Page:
Band on The Run

Posted on February 8, 2014 under Storytelling with one comment

Cabot Trail 2



“Get your motor runnin’ … head out on the highway…”

Born to be Wild – Steppenwolf

Do you remember?  The Beatles, the Beach Boys and the Four Seasons.  The Lovin’ Spoonful, the Rolling Stones and Elvis.  The list is a long one but you catch my drift.  This was the music playing on the Top 40 back in the ‘60’s.  And this was a golden age of live music and every band worth a lick was copying these musicians and bringing their songs to life at dances in every town and village in the country.

Antigonish was no exception.

If there was such thing as a battle of the bands back then, the two that went toe to toe, in the friendliest way possible, were The Strangers and The Escorts.

The Strangers, simply put, were terrific.  The Lowe brothers along with Jody and Pat mastered any song they touched.  One of my favorites to this day is the classic hit by Paul Revere and The Raiders, “Him or Me”.   I have seen many great acts over the years but The Strangers will always be one of my favorite groups of all time.  Am I just a hopeless romantic for the good old days?  Possibly, but they were that good.

The Strangers plied their trade in our neck of the woods and were most often seen playing at the Parish Centre.  When they weren’t performing at that iconic venue, then there’s a very good chance that another local band was on the stage: The Escorts.  The band had many configurations, but when I played in the band in the late ‘60’s I was joined on stage my two of my brothers, Mike and Don, along with Joe on rhythm guitar and Richard on drums.

For an eighteen year old kid, it was as good as it got.  I had an opportunity to be on stage, singing harmonies and putting some cash in my pocket.  And maybe a chance to impress a member of the opposite sex.  That was wishful thinking.

Besides performing in our home town, we took our show on the road and played at dances and graduations throughout North Eastern Nova Scotia and Cape Breton.  It was not uncommon in the summer to do back-to-back nights in Baddeck and Ingonish.

And speaking of Ingonish, that was where my love affair with that part of the world began in earnest.  We had a regular Saturday night gig at St. Peter’s Hall for four summers in a row.  And what a gig it was.  Being in close proximity to several camp grounds, it was not uncommon to turn over three different audiences in one night, with the accompanying increase in gate proceeds. This was great because back then we split the gate with the parish.

The matriarch overseeing the hall was Mrs. D. and she kept a close eye on things because, back then, it was strictly a cash economy.  I vividly recall at the end of each night brother Don, who acted as treasurer for the band, arriving back at our accommodations with a grocery bag full of cash.  Ones and two dollar bills. fivers and ten spots and the odd twenty and fifty.  After taking out the money to pay on our loan for equipment, everyone got an equal share of what was left.  To this day I never had so much cash in my pocket … literally and figuratively.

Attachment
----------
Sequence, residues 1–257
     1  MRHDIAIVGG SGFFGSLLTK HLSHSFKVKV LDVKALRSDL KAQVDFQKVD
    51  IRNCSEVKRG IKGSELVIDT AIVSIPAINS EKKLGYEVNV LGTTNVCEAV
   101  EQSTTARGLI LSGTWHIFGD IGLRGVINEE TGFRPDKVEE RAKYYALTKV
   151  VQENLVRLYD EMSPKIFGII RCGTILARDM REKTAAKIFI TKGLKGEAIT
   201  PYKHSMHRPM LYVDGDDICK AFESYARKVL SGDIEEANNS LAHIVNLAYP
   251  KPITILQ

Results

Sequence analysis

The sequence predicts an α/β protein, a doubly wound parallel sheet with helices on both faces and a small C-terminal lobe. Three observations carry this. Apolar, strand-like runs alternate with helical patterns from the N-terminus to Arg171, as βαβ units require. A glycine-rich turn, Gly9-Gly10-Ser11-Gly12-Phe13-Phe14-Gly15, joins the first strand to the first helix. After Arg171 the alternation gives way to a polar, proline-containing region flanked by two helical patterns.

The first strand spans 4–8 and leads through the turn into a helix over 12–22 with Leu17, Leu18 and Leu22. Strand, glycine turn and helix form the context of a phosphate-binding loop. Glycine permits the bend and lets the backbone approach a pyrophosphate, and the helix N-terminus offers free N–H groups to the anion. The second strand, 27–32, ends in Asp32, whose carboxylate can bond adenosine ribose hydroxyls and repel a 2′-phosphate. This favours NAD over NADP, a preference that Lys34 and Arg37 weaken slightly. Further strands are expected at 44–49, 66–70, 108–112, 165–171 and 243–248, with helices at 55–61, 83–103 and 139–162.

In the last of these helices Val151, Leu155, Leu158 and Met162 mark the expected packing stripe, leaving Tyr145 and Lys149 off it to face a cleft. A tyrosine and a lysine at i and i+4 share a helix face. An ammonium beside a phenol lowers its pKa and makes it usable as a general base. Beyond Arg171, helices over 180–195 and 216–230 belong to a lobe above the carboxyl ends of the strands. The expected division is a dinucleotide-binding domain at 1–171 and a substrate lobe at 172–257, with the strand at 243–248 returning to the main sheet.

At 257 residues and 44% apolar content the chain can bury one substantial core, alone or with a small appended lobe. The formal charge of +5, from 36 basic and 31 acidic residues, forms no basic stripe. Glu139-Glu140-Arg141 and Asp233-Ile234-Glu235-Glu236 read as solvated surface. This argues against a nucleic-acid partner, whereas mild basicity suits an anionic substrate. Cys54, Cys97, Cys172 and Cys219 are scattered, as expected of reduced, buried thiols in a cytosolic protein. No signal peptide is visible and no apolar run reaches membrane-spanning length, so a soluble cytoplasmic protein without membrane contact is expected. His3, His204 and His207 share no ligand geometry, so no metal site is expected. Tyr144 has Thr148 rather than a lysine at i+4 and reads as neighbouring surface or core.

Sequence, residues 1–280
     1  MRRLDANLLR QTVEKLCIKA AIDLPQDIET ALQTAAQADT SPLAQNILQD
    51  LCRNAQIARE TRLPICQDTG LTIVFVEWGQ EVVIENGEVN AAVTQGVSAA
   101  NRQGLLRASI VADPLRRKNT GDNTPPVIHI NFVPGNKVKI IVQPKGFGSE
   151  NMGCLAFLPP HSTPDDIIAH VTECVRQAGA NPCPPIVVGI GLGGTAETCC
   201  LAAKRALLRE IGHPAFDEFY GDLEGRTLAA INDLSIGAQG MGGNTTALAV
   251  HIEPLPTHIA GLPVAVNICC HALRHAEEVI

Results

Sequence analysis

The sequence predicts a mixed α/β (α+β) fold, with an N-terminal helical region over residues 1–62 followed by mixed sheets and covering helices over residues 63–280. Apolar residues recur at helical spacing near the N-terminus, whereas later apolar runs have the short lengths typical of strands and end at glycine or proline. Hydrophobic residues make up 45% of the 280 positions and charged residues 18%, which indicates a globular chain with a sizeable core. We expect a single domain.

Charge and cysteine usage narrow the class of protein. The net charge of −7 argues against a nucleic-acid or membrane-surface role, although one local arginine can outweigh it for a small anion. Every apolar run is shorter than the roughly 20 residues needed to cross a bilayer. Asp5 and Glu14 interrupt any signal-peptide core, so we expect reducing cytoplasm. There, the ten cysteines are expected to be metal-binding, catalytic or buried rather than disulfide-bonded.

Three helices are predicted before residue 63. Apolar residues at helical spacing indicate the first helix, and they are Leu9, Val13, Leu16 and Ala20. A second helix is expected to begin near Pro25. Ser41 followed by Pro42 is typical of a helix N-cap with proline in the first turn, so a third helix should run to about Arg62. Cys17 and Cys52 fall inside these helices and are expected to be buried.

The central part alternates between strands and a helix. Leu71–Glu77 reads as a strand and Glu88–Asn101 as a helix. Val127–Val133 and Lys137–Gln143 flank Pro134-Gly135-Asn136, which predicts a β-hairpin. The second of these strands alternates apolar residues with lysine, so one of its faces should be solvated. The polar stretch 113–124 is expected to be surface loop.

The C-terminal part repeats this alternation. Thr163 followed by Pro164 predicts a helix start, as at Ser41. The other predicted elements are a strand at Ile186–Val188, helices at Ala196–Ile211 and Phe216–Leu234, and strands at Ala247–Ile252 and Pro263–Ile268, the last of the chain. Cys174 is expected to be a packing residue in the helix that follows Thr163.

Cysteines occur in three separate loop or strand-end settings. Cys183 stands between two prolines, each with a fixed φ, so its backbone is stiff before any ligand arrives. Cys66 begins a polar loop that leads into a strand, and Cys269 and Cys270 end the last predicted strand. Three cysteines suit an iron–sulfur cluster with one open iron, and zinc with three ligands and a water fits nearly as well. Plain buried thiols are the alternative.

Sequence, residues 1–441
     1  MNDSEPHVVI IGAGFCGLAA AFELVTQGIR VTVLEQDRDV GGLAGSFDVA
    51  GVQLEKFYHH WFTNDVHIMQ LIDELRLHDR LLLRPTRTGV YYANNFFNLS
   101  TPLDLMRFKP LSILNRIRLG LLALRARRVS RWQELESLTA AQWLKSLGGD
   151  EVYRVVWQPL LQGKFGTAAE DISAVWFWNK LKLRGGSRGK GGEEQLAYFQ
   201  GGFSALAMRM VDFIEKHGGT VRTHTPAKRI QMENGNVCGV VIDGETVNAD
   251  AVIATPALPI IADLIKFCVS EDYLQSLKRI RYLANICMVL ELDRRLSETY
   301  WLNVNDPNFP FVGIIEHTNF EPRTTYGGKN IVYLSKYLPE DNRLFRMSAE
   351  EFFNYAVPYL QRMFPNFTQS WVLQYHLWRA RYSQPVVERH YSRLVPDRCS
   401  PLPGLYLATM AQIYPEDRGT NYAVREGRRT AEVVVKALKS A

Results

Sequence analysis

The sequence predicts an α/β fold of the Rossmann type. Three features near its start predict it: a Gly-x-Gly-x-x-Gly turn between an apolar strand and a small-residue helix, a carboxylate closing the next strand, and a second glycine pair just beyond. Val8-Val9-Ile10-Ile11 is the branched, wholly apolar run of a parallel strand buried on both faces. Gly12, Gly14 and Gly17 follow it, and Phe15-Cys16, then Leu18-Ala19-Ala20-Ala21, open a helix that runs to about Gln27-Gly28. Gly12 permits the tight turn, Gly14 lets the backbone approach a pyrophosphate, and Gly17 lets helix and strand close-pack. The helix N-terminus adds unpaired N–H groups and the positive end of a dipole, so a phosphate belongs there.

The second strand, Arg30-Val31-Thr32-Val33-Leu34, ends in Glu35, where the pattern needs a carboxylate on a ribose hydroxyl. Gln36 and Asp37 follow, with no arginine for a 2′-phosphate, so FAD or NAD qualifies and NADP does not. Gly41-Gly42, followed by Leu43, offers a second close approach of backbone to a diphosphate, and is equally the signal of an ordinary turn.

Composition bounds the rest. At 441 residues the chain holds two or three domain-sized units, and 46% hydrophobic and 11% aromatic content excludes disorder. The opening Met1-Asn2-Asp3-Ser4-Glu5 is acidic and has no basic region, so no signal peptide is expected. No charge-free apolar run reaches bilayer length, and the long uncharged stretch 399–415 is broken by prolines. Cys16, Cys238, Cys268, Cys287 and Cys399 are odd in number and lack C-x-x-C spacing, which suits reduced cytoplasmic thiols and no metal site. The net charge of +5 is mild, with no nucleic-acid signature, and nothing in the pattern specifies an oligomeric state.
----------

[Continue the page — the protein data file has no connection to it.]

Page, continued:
Very often, the next day at Mass, the priest would be watching carefully to make sure that the band returned some of the profits in the collection.  The Lord giveth and He taketh away.

Back in the late’60’s James Brown popularized the dance “The Hustle” with his tune, “Get on the Good Foot”,  a precursor to break dancing.  Another form of brake dancing was invented on a traumatizing trip coming down Cape Smokey after a dance.

The band had acquired a “new to us” half ton truck ($800 worth) to transport band members and equipment.  Another new purchase was a Hammond organ picked up in Sydney the previous day.  The aforementioned treasurer had noticed a few days earlier that the brakes on the truck were faulty; so much so that he jury rigged (disabled) the brake on the front passenger wheel.  I still haven’t figured out the mechanical logic behind this.

Driving without operational brakes on level terrain is dangerous but manageable.  Descending a 925 foot mountain is another matter entirely.  The combination of five band members and hundreds of pounds of gear put additional strain on an already fragile braking system.  The driver realized very quickly that not only could he not stop the truck, he could not even get it to slow down.  He stood on the brakes, applying his significant weight to the effort.

Somebody commented that they smelled smoke in the cabin.  No kidding!  The pungent aroma of burning asbestos became apparent as the truck hurtled down the mountain.

We band members, all Catholics, may have been a little rusty in the prayer department at this stage in life.  On this day, more than one of us muttered a silent Hail Mary, fearing that we may just have played our final gig.

The cabin was completely filled with smoke (Cape Smokey smoke) as we neared the bottom of the mountain.  And then we saw it.  A runaway lane, built especially for logging trucks.

Moments later, the truck came to a halt, aided by Mother Nature in the form of a stand of alders at the end of the escape route.

After extracting tree branches from the bumper and grill, we got back on the road.  We flipped on “Friendly 58” CJFX radio.  The unmistakable voice of Del Shannon could be heard singing his classic 1961 hit, “Runaway”.



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